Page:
Like many in Hollywood and throughout the rest of the entertainment world, novelist Robert Harris has raced to the defense of child-rapist and international fugitive Roman Polanski, his pal and creative collaborator. In his NY Times op-ed piece Wednesday, "Why Arrest Roman Polanski Now?," Harris desperately attempts, as have so many others in the past several days, to create a mind-numbing smokescreen around the central issue of this case: that an innocent, defenseless, drugged and alcohol-plied 13-year-old was sexually violated in every orifice of her body. A despicable act which is very clearly prohibited by very specific law.
Harris's piece is both utterly infuriating in its cavalier and self-serving presentation, and shameful in how blatantly he shows zero regard for America's rule of law. There is so much wrong with his arguments that I will tackle them one-by-one:
Harris begins with: "...His past did not bother me, any more (presumably) than it did the three French presidents with whom he has had private dinners, or the hundreds of actors and technicians who have worked with him since 1977, or the fans who come up to him in the streets of Paris for his autograph."
French presidents? Is he kidding? Middle-aged Frenchmen accept and forgive Polanski's sexually deviant behavior and that's a defense? Perhaps Harris would welcome support from Italy's scandal-plagued, teenage-girl-chasing Prime Minister Silvio Berlusconi too? Are we really to let Polanski off Scot-free because movie people like him? Or because fans seek his autograph? Perhaps Harris has never witnessed the throngs of idiots who still drool all over O.J. Simpson as if he's America's former football hero instead of the brutal monster who butchered two people. And this may come as a shock to Harris: America's judicial system couldn't give a rat's ass whether certain criminal behavior bothers you or not.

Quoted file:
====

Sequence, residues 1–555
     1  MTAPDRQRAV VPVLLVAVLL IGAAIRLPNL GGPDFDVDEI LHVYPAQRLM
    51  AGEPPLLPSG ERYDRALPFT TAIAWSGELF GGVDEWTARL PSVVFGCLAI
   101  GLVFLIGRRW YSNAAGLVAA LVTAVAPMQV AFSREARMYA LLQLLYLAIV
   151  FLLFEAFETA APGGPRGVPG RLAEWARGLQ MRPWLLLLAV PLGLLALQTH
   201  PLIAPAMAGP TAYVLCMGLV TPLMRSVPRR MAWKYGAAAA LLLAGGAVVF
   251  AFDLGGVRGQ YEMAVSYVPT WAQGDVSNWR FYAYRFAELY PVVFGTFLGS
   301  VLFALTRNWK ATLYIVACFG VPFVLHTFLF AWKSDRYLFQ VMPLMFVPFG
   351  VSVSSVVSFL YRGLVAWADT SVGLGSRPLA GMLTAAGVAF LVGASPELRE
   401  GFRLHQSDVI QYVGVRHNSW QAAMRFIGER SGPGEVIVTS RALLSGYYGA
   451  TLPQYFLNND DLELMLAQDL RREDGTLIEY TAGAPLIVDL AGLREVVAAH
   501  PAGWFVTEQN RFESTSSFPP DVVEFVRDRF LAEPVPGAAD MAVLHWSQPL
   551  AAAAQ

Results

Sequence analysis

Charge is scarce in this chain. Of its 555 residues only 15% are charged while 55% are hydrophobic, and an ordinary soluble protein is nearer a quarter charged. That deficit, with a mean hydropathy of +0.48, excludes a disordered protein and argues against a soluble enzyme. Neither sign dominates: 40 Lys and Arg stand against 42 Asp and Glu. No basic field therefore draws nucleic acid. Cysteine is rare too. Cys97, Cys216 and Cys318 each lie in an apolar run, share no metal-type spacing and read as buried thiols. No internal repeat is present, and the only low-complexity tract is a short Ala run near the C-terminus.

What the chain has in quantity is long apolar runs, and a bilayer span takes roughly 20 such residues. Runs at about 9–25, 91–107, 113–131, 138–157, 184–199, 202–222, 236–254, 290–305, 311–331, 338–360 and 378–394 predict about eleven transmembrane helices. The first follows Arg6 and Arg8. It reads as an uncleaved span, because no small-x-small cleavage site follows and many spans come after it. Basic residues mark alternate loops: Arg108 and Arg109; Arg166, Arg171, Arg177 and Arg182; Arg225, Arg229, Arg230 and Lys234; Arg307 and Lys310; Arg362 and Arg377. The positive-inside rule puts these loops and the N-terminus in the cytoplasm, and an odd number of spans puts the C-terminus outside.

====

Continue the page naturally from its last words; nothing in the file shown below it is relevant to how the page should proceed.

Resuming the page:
Harris then asks, "Why now?" To which I reply, why the fuck not? The argument that he's been allowed to roam free for 30 years, therefore he should be allowed to stay free is moronic. Just because some lame-ass law-enforcement authorities had their collective thumbs up their asses for three decades does not give Polanski a get out of jail free card. Should we not arrest Nazi war criminals because they've been living in Argentina for 65 years and might be "liked" by their neighbors? Who cares when justice ultimately gets served, as long as it gets served. Let's keep things in perspective here: the Los Angeles DA's office has not committed any crimes. Polanski has.
Also on the "why now" front, Harris contradicts himself when he claims authorities have ignored Polanski since 1978, but then cites five occasions -- 1978, 1986, 1988, 2005, and 2007 -- where vigorous attempts were made to arrest him. While Polanski's crime was despicable, I would suspect that from a priority and resource standpoint, no one expected it to be a "red-hot manhunt" as Harris states it should've been if the case was so important. Still doesn't excuse the crime or create a basis for not continuing to pursue the criminal.
Harris then points to a 2008 documentary by Marina Zenovich, "Roman Polanski: Wanted and Desired," as the likely reason the Polanski case, and the pursuit, became hot again. Again I ask, who cares what the reason is, or when that reason surfaced? In fact, documentaries are supposed to provoke thought and raise awareness on the issues they cover. That's exactly their reason for being. The irony is, according to Harris unwittingly, that it perhaps took a filmmaker to bring Polanski to justice when for 30 years inept lawmakers could not.